- since i was a bit frustrated with the trickster i started a bloodwarrior on a german server
- both german servers are pretty active. lots of chattering in zone chat, nice community, lots of ppl helping each others
- heared a friend bought the game at a local gamestore after some searching to find a store that carried it
- the bloodwarrior is a lot easier then the trickster it seems. even fighting 3 mobs at once i can survive

3rd day: sunday
- started a new char to play with my friend, a mage
- it seems you get full xp in group and its lots more fun
- once you did the quest and know where to go its a looot faster

all in all i like this game a lot.
sure its a smaller game but its a good start and has a solid base. i like the graphics a lot and after the 3 days the fighting and skilldeck building still feel fresh and innovative. also the different classes i played feel differently so i didnt mind doing the quests all over again.

a (little) thing that got lost in mmo popularity

Posted by craynlon Saturday November 15 2008 at 7:45AM
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 ok we talked about mmos becoming single player games, the lack of chatting and the general dumbing down of mmos wich are all big issues.

in this entry i wanna talk about a rather small thing that i think got lost when mmos became mainstream and thats the feeling of internationality.

when i started out my journey into serious mmoing ;) 4 years ago in lineage2 there were 6 server based in the usa (for the western world, i know they had korean servers as well).
now when i look even at smaller mmos like aoc or chronicles of spellborne they release the game in usa, europe, asioa, russia on different servers and in europe ull even get language servers for french/ german/ spanish...

for me doing this the whole genre looses a bit of its magic

in l2 i used to login in at any crazy time and would meet people playing, be it some americans that played bevore going to bed or russians just getting up. the servers were full of live 24/7. i chatted to people from brazil and china about musik and even if some people only spoke broken english (like me) there almost always was a way to communicate.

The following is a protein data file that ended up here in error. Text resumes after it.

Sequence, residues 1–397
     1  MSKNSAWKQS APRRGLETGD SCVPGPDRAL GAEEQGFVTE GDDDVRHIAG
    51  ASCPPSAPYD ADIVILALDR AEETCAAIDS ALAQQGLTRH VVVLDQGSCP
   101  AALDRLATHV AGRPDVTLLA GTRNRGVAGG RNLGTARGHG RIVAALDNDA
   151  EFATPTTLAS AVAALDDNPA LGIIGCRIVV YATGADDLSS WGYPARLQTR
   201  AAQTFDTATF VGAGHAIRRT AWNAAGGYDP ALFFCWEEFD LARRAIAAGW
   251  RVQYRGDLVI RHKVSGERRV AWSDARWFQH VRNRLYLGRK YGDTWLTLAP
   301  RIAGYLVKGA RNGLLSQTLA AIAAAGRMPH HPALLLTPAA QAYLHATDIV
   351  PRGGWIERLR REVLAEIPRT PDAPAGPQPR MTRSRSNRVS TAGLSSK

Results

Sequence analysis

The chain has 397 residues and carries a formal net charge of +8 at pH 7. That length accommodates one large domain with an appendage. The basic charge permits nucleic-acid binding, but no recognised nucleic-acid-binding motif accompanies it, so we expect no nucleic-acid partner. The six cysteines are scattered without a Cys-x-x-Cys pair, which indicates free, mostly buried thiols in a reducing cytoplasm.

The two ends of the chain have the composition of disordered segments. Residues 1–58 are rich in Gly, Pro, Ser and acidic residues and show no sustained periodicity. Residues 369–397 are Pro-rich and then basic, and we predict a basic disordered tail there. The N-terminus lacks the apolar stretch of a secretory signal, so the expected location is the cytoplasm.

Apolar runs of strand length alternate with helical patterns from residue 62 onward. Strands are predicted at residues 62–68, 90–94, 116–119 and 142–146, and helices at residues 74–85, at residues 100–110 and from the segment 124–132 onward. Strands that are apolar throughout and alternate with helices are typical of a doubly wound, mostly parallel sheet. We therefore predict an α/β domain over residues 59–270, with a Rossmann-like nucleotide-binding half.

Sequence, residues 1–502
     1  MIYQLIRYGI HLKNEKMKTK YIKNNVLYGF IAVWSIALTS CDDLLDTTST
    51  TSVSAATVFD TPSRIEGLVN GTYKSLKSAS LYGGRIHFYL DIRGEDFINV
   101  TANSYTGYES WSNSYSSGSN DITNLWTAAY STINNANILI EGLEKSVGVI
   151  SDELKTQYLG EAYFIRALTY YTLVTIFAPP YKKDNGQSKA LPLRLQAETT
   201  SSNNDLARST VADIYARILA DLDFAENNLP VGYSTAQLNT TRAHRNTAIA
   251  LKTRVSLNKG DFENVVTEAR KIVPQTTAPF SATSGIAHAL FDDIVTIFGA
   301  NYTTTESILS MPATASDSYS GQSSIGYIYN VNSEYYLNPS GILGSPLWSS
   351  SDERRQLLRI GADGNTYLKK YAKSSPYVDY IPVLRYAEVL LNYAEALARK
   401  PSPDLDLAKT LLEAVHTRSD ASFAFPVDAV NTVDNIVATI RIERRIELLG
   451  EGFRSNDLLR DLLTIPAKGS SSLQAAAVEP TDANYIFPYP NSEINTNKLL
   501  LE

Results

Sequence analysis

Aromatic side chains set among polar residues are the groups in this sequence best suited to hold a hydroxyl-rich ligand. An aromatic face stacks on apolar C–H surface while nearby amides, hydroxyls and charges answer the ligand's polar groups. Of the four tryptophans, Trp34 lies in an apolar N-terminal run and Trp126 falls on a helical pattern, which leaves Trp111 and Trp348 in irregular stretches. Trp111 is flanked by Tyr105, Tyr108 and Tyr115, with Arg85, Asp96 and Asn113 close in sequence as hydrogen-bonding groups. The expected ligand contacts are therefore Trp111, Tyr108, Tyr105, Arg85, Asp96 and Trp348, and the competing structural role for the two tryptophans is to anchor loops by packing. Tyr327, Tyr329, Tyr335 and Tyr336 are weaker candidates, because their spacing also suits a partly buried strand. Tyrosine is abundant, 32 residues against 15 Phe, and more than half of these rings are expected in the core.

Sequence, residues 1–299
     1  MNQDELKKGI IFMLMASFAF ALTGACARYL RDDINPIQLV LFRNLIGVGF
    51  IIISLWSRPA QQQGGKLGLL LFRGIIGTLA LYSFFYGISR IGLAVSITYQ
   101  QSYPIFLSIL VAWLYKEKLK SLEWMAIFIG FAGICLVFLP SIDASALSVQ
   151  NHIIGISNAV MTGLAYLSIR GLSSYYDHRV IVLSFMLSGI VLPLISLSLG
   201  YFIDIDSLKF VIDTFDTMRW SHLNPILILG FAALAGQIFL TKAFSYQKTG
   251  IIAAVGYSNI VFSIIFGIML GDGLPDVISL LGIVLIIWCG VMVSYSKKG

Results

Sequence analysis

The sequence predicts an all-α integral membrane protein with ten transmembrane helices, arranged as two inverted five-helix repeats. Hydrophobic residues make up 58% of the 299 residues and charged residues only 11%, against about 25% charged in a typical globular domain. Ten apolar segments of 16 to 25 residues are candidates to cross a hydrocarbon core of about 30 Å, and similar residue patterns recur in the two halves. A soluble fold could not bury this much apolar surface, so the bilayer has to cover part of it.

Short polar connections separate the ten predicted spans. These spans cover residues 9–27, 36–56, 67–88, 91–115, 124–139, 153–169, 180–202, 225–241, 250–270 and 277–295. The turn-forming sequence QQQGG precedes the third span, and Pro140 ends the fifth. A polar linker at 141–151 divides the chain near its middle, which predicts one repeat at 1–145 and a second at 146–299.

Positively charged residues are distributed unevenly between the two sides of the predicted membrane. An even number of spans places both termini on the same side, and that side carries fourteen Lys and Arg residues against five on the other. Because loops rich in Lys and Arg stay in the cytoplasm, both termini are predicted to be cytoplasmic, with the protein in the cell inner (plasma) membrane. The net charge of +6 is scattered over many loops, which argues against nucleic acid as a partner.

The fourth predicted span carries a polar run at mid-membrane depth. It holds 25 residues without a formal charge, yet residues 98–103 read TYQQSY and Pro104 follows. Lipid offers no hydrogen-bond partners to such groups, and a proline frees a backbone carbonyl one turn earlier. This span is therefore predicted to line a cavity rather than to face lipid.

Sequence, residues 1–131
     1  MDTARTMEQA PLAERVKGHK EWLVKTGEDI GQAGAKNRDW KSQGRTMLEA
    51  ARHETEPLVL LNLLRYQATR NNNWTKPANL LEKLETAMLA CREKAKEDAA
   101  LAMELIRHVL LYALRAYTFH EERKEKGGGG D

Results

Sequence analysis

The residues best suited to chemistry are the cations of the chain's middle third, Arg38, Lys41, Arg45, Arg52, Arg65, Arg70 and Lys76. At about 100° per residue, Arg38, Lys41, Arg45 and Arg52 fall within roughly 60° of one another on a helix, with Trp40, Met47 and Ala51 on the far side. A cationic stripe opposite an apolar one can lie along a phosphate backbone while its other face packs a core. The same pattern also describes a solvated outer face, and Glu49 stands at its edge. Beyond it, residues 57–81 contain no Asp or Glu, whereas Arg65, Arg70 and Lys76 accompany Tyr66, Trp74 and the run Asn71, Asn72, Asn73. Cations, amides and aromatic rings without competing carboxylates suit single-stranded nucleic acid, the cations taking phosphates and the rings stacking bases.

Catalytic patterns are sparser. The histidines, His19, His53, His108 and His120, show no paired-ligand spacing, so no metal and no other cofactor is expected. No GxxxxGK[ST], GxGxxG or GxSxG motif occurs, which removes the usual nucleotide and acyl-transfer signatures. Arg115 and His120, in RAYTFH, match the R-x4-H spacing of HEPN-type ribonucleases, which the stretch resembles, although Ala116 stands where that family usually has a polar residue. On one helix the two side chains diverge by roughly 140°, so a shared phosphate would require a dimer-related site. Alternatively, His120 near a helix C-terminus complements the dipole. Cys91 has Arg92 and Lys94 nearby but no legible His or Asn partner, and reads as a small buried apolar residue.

now i have the option to play in german with germans on a german server (wich i dont, i always choose an engl server)

it seems to me it was a natural way to go and necessary to draw in  people unable or to shy to speak english into the new mmos but just like making the mmos into confortable soloable games these national or geographic servers cut away a little bit of the magic that i felt when i first entered the mmo world.

 

ps.: as for lag, i had the feeling of less lag in  l2 runnig on an us server then in war on a european servern, ping isnt all.

RIFNG 6 : a MMORPG without groups ?

Posted by craynlon Monday October 6 2008 at 3:43AM
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Hello,

its been a while since i tortured you with my ideas how MMOing could evolve but playing WAR for a few weeks made me think: "Do we really need groups in MMORPGs ?"

heres my personal history of groups/ grouping:

in the stone age there was pen&paper(& dice)
you got together with a few friends, there was these guy called game-master who in contrast to modern day mmos told the story in contrast to being a service technician. in 99.9% the guys around your ling room table was "the group". if someone asked you "hey, can i come play on Sunday?" you wouldn't say: "sorry our group only allows 6 people" and only very rarely the gm would have another group in your living room playing with them both. and if he would he wouldn't make 2 different group chats if they were in the same room.

in the bronze age there were single player rpgs
"pool of radiance", "dungeon master", "baldurs gate" adopted the pen&paper rpg to the pc and tried to simulate it. the gm and dies were replaced by program and CPU and since it was a in the pre-internet area you would play the game alone in front of your computer. to have a group feeling you could invite a number of npc to your party and basically play/command them all. since the game would have been to easy if you would rush a dungeon with a group of 50 henchmen the group size was limited to around 4-8 characters.

then came MMORPG
they basically took from single player rpgs and replaced all the npc by player characters.
as of today i cant think of an MMORPG that doesn't allow the grouping of players into some sidebar where you can see little portraits of your group mates along with their health, buffs...

my question is if this group mechanism is really necessary or:
could there be a MMORPG without groups ?

don't get me wrong, this isn't about the question if people should work together at a team. this is fundamental to MMO and the reason why we play the MMs in the first place. my question is directed to wads finding alternatives to a static, limited in number grouping system, the group sidebar.